Another entry on the same day by the Superintendent gives us this extract:-

'The light is now exhibited (7pm) and the machinery is keeping perfect time, everything connected with the change is quite satisfactory - as the night is foggy I have given instructions to light the six wicks.'

It was during the period 1869 to 1919 when Lord Rayleigh was scientific adviser to Trinity House, that the first mention of a fog horn was made in the Station Order Book. In addition another change to the light took place during this period - in the Autumn of 1911 the dwellings underwent extensive alterations and work to construct a fog signal house commenced. Details of the new light are given in the Station Order Book as follows:-

August 1st 1912. - visited by Captain Clarke and Sir Thomas Matthews, Engineer-in-Chief and Mr. Hood on exhibition of the new light flashing every five seconds - all found in good order. The work on the new fog signal progressing favourably.'

On 6th February 1913 the new fog signal was put in to service at an inauguration ceremony attended by the then Deputy Master Captain Blake and Captains Crawford and Marshall accompanied by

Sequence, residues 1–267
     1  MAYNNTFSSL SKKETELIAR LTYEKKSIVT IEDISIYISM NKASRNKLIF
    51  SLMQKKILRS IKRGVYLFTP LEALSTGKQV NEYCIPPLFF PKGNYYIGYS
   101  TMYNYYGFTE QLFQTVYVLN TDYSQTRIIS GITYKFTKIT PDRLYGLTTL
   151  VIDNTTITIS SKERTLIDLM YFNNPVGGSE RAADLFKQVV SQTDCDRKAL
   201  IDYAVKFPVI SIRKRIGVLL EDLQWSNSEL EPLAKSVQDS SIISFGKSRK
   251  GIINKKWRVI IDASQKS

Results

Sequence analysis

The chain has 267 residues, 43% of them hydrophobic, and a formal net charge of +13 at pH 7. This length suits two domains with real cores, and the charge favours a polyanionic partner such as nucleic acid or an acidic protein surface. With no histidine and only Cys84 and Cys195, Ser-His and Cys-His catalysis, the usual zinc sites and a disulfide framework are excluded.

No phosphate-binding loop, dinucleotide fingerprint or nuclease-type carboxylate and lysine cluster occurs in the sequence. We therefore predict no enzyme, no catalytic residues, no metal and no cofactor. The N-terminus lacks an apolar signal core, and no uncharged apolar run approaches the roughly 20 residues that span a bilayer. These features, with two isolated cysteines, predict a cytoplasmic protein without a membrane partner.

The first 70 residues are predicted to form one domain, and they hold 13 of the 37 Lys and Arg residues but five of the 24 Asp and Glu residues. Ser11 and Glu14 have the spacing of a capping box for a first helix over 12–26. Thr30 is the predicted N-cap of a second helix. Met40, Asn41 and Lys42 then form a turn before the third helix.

Sir Thomas Matthews.

The new fog horn developed by Lord Rayleigh, who was experimenting at that time with new types of fog signal, took the form of an enormous trumpet. Rectangular in shape the new horn was 36 ft (11 m) with the aperture 18 ft (5.5 m) by 2 ft (610 mm), it being intended that this shape would give a wide horizontal spread of sound. It must have been successful because it stayed in use until the new fog signal was introduced in 1963, a Supertyphon with 8 horns.

During the 1912-13 modernisation, the first order (920mm)
catadioptric lens with the three symmetrical panels was put into service, and it was into this lens in around 1920 that the Hood vapour burner was installed. Newly developed the Hood high power vaporized oil burner, with autoform mantel was a great improvement. The autoform mantle formed itself into a spherical shape when burnt off. The light produced was a 198,000 candle power red flash of 0.3 second duration every 5 seconds with a nominal range of 25 miles; the 3.6 tonnes lens was driven by a clockwork motor driven by weights.

Trevose Lighthouse was automated in 1995 and the keepers were with drawn on 20th December.

The existing
optic was retained but the rotation speed was slowed to alter the character to one flash every 7.5 rather than every 5 seconds. The red screens were removed to give a white light. The lamp was changed to 35 watt metal halide in a two position lampchanger.

A Tideland ML300 lantern mounted on the lantern gallery hand rail gives an emergency 10 sea mile light. The air fog signal was replaced by an electric omnidirectional signal controlled by a fog detector.

The light is controlled by a photocell mounted on the lantern murette; telemetry equipment was also installed for remote monitoring and control from the Trinity House Operations Control Centre at Harwich in Essex.

At this time there is an on-station attendant keeper.